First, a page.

Twas the Night Before Christmas

December 24, 2012 § Leave a comment

Fitzroy checking to see if it’s for him

“… ‘But Gold was not all. The other kings bring Frank Innocence and Mirth.’ | Darcourt was startled, then delighted. ‘That is very fine, Yerko; is it your own?’ | ‘No, it is in the story. I saw it in New York. The kings say, We bring you Gold, Frank Innocence, and Mirth.’ | ‘Sancta simplicitas,’ said Darcourt, raising his eyes to mine. ‘If only there were more Mirth in the message He has left to us. We miss it sadly, in the world we have made. And Frank Innocence. Oh, Yerko, you dear man.’ …”

Robertson Davies, The Rebel Angels

I’m going to try to make my Christmas mirthful, but right now I’m just hoping to feel what I feel now: love for family, friends, Facebook friends, animals, oceans and trees. It’s funny from how many places joy can emerge when you give up hoping for the things you used to hope for, and merely think of life as something to watch and taste and think about. Of course, sadness can come out lots of ways too, and I just have to let that be.

It’s a beautiful sunny day, the food stores full of people, but not too full; A saxophonist was playing in the park, though it was cold; I talked to a neighbor who’s hosting a big celebration—which gave me a twinge of envy—;and gave my pocket change to the homeless man who always sits in front of Citarella.

This weekend we had a holiday dinner with my niece Ramona, who was sweet and dear as always, and we’ll be seeing Delilah after New Year’s. Sadly, the grandsons won’t be here, as planned, but Jaden already opened his Christmas present from us—a book on how to program computer games—and last I heard (a few hours after he opened it) had already programmed one. He’s probably programmed six or seven by now. As his mother said, “I’m so damn proud.”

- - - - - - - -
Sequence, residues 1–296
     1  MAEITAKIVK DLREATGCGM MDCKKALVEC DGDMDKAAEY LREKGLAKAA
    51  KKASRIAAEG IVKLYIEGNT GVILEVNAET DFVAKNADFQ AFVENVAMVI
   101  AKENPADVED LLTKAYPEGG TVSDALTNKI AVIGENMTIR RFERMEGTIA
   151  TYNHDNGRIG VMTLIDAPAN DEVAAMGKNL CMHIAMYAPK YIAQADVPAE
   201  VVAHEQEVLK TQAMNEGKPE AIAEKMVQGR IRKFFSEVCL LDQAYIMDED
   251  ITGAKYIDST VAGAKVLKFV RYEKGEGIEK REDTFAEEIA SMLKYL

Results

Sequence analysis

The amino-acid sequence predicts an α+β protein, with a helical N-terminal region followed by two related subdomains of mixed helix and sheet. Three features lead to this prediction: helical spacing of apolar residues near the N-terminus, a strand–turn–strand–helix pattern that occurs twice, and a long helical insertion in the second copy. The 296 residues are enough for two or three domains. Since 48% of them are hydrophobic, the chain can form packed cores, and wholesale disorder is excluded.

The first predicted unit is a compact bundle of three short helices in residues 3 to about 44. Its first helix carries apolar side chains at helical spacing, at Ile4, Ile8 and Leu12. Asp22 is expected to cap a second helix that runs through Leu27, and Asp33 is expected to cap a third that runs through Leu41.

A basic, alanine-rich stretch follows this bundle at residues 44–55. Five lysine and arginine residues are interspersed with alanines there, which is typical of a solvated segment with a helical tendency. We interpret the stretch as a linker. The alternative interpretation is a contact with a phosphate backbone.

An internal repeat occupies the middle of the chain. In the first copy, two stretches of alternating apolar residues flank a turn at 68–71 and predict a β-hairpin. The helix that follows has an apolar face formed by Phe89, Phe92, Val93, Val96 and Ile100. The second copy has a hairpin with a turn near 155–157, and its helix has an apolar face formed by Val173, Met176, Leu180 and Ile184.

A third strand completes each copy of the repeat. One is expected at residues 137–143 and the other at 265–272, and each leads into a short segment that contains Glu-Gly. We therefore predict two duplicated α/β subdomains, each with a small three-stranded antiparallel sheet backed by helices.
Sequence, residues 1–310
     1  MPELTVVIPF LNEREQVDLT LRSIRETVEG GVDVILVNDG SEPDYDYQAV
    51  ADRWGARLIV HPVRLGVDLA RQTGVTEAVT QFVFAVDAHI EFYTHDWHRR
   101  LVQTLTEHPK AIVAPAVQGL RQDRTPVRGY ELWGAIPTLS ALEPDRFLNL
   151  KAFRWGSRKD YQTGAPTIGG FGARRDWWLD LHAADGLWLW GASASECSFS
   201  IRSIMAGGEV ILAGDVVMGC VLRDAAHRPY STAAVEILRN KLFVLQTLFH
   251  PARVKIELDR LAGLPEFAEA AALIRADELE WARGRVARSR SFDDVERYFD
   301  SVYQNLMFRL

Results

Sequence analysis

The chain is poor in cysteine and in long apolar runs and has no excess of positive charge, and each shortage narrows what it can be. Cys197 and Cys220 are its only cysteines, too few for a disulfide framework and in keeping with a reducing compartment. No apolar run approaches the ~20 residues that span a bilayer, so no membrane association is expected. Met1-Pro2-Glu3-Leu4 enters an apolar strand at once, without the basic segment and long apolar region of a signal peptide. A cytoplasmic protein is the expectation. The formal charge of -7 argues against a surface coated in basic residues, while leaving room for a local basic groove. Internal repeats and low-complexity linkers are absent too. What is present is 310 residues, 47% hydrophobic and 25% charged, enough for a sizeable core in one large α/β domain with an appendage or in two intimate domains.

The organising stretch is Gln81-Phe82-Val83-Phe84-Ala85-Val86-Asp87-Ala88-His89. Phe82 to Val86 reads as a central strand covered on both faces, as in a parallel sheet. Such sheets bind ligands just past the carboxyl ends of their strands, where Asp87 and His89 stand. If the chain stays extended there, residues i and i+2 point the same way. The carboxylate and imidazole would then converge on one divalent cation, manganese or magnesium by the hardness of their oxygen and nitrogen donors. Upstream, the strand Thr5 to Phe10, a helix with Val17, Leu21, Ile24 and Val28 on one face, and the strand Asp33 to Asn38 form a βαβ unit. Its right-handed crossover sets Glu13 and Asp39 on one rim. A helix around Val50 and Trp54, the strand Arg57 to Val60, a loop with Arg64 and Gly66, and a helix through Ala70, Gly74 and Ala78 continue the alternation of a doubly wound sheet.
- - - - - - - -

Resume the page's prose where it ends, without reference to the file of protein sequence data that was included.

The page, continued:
I heard /watched Hannah and Myles playing piano on Facebook and my mother is hosting Whitney, Steffen and eight-year-old Daniel. My cousin Roberta got through surgery and is doing well, and my friends are with their families. So even though our Christmas will be quiet, it’s all good. We’ll take a walk in the park and get the cats stoned on catnip. Then I’ll cook a duck breast, and we’ll eat all the Christmas candy.

I looked up poems with “Christmas” in them and found this—not precisely a Christmas poem, but close enough for me. Anyway, Langston Hughes is good all the time.

Theme for English B

The instructor said,

Go home and write
a page tonight.
And let that page come out of you—
Then, it will be true.

I wonder if it’s that simple?
I am twenty-two, colored, born in Winston-Salem.
I went to school there, then Durham, then here
to this college on the hill above Harlem.
I am the only colored student in my class.
The steps from the hill lead down into Harlem,
through a park, then I cross St. Nicholas,
Eighth Avenue, Seventh, and I come to the Y,
the Harlem Branch Y, where I take the elevator
up to my room, sit down, and write this page:

It’s not easy to know what is true for you or me
at twenty-two, my age. But I guess I’m what
I feel and see and hear, Harlem, I hear you:
hear you, hear me—we two—you, me, talk on this page.
(I hear New York, too.) Me—who?
Well, I like to eat, sleep, drink, and be in love.
I like to work, read, learn, and understand life.
I like a pipe for a Christmas present,
or records—Bessie, bop, or Bach.
I guess being colored doesn’t make me not like
the same things other folks like who are other races.
So will my page be colored that I write?

Being me, it will not be white.
But it will be
a part of you, instructor.
You are white—
yet a part of me, as I am a part of you.
That’s American.
Sometimes perhaps you don’t want to be a part of me.
Nor do I often want to be a part of you.
But we are, that’s true!
As I learn from you,
I guess you learn from me—
although you’re older—and white—
and somewhat more free.

This is my page for English B.

Langston Hughes



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